"Like a Box of Chocolates"
This metaphor has proven itself true. I’ll use two examples to highlight why you are missing out on hidden and unexpected gems if you don’t visit your local archives.
1. Millhouse file at the Lancaster Mennonite Historical Society
In my last blog, I shared an obituary for one of my great-great grandmothers who had fourteen children. Note the file folder labeled “Millhouse” in the top left corner of the photo.
Her obituary, which another Millhouse descendant had clipped out of the newspaper in 1966, was an unexpected find. Within that same vertical family file, I found this gem:
Listing of the children of my 4x great grandfather
Early in my research, this document was a huge discovery! Obviously, it was a derivative source copied from a family Bible and the entries for the older children were made many years after their births; however, the provenance was clearly stated and it provided excellent leads for further research and verification of each of these fifteen children (born to two different wives after the first one died).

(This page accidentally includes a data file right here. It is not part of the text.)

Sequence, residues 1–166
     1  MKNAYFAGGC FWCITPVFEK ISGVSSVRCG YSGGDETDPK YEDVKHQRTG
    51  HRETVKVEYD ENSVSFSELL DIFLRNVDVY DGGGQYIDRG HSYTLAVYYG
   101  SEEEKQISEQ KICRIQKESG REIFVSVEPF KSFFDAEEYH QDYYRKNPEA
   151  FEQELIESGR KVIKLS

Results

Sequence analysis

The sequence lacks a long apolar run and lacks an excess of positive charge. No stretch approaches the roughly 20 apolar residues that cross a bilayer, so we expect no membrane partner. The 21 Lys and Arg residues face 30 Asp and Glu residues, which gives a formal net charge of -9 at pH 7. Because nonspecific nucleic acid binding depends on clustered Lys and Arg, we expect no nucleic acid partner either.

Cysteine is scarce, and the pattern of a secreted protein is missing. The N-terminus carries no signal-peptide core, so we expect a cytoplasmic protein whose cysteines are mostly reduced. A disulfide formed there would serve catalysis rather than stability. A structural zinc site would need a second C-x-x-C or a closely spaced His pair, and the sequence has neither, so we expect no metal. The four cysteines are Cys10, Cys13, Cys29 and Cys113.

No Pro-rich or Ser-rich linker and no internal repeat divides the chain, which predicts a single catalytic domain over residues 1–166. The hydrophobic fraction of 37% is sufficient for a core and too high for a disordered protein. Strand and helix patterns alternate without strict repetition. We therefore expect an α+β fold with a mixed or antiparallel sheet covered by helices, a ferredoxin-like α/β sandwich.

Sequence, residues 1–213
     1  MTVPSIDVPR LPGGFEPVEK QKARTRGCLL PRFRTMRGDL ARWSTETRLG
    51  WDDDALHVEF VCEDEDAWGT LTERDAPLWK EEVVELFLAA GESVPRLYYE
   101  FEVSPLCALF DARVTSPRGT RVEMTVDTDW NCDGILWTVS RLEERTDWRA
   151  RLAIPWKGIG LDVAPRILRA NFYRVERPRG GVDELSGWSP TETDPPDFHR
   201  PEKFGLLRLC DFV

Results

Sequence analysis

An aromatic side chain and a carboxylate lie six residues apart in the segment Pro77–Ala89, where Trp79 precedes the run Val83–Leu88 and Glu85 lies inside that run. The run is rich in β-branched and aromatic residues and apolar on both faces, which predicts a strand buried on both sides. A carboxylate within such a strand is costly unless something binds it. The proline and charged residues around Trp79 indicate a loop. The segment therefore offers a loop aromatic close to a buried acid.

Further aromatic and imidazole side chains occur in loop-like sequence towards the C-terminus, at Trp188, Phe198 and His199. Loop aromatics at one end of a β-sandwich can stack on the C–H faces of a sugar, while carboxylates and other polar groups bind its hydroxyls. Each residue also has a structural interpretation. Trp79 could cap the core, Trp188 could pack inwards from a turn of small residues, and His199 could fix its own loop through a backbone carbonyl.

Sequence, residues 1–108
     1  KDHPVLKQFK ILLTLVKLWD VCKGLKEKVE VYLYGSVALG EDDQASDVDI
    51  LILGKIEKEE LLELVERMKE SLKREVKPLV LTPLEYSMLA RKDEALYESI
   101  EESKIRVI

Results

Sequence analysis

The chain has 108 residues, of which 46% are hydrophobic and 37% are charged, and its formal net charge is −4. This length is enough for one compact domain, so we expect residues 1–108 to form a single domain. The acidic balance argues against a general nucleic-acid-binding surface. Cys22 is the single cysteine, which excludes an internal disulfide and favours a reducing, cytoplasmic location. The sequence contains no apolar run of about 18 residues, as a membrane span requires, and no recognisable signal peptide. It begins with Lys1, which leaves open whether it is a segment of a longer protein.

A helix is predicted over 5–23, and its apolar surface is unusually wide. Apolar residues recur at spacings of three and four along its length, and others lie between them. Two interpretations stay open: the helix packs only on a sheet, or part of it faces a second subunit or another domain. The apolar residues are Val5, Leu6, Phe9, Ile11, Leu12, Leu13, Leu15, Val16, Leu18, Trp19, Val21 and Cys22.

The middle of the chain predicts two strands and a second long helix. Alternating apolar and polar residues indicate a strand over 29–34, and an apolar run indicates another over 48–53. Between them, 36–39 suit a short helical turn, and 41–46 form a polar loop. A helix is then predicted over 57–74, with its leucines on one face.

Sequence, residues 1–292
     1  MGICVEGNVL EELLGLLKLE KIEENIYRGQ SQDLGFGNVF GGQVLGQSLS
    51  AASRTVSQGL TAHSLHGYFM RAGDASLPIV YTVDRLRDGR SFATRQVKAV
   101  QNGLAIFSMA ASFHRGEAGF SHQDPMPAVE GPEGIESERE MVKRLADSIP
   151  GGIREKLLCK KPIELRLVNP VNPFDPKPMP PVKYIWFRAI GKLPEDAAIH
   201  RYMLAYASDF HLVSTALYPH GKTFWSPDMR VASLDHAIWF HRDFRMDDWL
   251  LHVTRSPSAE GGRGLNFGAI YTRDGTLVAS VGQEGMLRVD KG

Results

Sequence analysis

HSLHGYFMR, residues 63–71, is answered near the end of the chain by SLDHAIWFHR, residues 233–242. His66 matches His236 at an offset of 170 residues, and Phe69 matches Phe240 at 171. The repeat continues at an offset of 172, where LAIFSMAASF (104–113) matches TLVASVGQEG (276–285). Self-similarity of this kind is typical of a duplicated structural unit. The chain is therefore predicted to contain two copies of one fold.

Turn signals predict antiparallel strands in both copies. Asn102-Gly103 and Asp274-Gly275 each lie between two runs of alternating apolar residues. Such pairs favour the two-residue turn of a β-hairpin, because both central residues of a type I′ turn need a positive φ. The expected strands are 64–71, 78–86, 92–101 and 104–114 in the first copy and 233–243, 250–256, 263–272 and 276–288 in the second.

2. Research library at the Lititz Historical Foundation
I recently began serving as the in-house genealogist for the Lititz Historical Foundation and spent some time familiarizing myself with the overall collection in the research library. I could go on and on about the fascinating items, but I will feature just two here.
Spring 1885 report card from the Beck School for Boys for Frank J. Myers
In my years as a teacher, I spent many hours on student report cards, grades, and comments. I was intrigued by the difference in subjects taught in 1885 versus today. Most of all, this artifact just struck my funny bone! Rather than typical letter grades, students received marks of either “good,” “pretty good,” or “tolerable.” Poor Frank clearly did not have a future in music.
This one hundred dollar Confederate bill was a real surprise! Unlike the local school report card, it's not something I would necessarily expect to find in small town Pennsylvania. I had never laid eyes on Confederate money before, so it was interesting to inspect the details.
Check out your local archives. You never know what you’re going to get!
 Melissa Barker, “Using Vertical Files in Archives,” Genealogy Gems (https://lisalouisecooke.com/2018/02/07/vertical-files-in-archives/ : accessed 10 May 2018).